In early December, President Barack Obama visited the National Institutes of Health, located in Montgomery County’s own Bethesda. There, he toured the facilities and gave a rousing speech calling on Congress to provide more funding for NIH, the site of recent medical advancements in a viable vaccine against Ebola.
Although Ebola has surfaced in the past, the current outbreak is the most threatening to date, according to the Centers for Disease Control and Prevention. It originated in West Africa but has since spread out globally, with incidents even occurring in the USA.
NIH has participated in groundbreaking research for a leading Ebola vaccine candidate, the NIAID/GSK vaccine. Obama congratulated leaders at NIH on the promising results of the first-ever experimental Ebola vaccine tested on humans, published last week in the New England Journal of Medicine.
NIH reported that 20 volunteers received the trial vaccine in September, and the vaccine recently passed Phase I of clinical trials, meaning that it was well tolerated by human subjects and evoked an immune response against the Ebola virus. Although it is just the first step, it is the most promising of all past research done on Ebola. NIH now plans to test the vaccine with health care workers in West Africa.
However, some parts of the national response – such as establishing a network of hospitals equipped to treat Ebola patients – will require additional funding from Congress in order to be fully implemented. American efforts are currently focused on developing medicines as well as prevention on the Ground Zero of Ebola: West Africa.
In an interview with CBS News, an Obama administration official said the United States’ effort to end the epidemic is unprecedented “in terms of its size, scale, and scope.” However, as the Washington Post reported, hospitals have been slow to come forward to serve as Ebola treatment centers in part because of the cost of treating Ebola patients. These huge efforts need money to survive, and Obama stressed this at NIH.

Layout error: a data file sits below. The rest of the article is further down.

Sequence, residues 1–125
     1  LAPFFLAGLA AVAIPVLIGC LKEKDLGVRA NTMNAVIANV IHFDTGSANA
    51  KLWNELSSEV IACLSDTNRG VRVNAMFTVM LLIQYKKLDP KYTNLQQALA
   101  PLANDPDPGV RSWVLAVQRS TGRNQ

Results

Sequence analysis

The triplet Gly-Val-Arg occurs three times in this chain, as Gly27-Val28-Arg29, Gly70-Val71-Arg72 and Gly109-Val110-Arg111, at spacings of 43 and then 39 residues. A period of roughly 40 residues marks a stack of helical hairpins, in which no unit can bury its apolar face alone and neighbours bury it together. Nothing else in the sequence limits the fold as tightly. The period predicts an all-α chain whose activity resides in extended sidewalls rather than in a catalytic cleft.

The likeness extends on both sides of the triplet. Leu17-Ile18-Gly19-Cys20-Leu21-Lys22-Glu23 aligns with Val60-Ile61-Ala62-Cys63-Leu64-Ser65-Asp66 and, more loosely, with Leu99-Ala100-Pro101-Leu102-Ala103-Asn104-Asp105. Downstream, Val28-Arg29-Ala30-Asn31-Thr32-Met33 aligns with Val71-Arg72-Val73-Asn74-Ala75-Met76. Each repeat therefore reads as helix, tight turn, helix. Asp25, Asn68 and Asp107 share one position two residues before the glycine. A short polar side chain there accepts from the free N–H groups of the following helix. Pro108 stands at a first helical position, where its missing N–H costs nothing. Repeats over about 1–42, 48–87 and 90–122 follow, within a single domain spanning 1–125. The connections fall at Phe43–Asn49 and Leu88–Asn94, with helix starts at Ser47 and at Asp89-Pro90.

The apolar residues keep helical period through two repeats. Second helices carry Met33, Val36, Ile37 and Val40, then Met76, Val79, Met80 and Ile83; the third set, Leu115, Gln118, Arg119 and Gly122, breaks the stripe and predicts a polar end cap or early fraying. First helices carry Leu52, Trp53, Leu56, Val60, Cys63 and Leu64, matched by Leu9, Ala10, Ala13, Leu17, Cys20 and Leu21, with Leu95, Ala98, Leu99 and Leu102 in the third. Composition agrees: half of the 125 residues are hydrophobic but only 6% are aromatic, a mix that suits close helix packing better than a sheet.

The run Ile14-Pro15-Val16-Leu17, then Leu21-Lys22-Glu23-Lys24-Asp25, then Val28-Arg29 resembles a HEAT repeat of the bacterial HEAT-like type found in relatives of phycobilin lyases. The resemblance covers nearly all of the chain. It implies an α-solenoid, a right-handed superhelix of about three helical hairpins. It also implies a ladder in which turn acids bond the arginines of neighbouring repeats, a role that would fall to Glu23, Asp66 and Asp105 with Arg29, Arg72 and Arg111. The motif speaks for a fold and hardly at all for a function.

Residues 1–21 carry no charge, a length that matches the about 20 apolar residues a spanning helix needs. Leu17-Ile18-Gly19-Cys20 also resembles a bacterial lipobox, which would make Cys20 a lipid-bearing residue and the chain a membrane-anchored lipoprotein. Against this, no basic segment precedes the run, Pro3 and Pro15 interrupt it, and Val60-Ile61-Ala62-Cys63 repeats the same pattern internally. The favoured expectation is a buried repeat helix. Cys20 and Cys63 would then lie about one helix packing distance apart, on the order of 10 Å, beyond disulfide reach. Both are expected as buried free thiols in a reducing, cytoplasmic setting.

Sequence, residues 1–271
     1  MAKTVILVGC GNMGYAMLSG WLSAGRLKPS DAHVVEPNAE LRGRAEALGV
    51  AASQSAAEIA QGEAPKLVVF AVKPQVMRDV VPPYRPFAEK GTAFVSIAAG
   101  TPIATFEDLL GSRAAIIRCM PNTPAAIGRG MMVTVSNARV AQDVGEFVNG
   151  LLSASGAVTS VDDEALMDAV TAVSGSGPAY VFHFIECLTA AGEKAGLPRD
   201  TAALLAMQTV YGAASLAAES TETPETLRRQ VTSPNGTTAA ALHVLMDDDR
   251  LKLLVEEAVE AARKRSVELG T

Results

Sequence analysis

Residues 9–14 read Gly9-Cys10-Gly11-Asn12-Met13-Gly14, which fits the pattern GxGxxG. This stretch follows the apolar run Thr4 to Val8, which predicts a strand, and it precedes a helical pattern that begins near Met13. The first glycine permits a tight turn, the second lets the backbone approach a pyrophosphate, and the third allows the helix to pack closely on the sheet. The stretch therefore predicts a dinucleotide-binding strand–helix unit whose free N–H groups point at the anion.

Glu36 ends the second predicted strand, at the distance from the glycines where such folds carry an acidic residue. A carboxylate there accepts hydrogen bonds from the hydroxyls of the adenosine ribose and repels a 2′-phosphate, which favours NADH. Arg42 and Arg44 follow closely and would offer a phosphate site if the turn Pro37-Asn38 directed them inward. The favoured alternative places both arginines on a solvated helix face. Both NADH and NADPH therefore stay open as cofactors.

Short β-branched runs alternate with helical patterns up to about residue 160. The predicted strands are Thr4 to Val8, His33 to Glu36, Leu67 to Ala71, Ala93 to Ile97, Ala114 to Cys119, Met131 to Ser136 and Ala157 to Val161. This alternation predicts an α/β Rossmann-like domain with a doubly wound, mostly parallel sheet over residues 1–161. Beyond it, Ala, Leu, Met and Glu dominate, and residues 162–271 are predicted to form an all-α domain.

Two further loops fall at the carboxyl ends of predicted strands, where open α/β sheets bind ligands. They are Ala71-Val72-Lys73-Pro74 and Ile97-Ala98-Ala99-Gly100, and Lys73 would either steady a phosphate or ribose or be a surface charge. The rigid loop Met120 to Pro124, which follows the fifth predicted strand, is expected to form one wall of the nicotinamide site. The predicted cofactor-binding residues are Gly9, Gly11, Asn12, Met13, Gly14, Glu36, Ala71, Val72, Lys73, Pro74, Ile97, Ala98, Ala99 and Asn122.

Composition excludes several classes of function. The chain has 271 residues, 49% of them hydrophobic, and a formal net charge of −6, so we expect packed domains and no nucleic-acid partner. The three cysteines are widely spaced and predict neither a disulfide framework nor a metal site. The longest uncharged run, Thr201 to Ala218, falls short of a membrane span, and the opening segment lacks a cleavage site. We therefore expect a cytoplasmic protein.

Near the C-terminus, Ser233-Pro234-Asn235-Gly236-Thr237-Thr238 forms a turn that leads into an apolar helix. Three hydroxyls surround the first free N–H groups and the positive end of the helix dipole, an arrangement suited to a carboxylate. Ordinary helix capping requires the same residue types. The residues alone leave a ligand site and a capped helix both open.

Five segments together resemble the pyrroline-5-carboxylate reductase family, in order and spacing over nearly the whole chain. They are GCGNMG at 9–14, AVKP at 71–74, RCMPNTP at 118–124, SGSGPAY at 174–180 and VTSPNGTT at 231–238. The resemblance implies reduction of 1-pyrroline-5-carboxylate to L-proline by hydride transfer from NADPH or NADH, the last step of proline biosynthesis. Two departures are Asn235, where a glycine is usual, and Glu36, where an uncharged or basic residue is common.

In his speech, Obama asked Congress to approve $6.18 billion in emergency funding. $4.64 billion was requested for immediate response and $1.54 billion was requested as a Contingency Fund to ensure that there are resources available to meet the evolving nature of the epidemic, including manufacturing and distribution of a vaccine.
Within the emergency funding requested by Obama, $238 million are specifically allocated for NIH to continue advanced clinical trials on the NIAID/GSK vaccine. In addition to the $6.18 billion Obama solicited, other money has been raised for relief efforts overseas. Obama said U.S. leadership in the response has already helped draw in $2 billion in resources.
This money is planned to be used for a multitude of prevention initiatives, including fortifying domestic public health systems, containing the epidemic in West Africa, and strengthening global health security to reduce risks to Americans. American health workers will direct efforts to preventing disease outbreaks, detecting them early, and swiftly responding before they become epidemics that threaten our national security.
“Let’s get it done,” Obama said in his speech at NIH, “this can get caught up in normal politics, and we need to protect the American people, and we need to show the world how America leads.”
Article by MoCo Student staff writer Grace Cheung
Graphic by MoCo Student staff artist Valencia Fu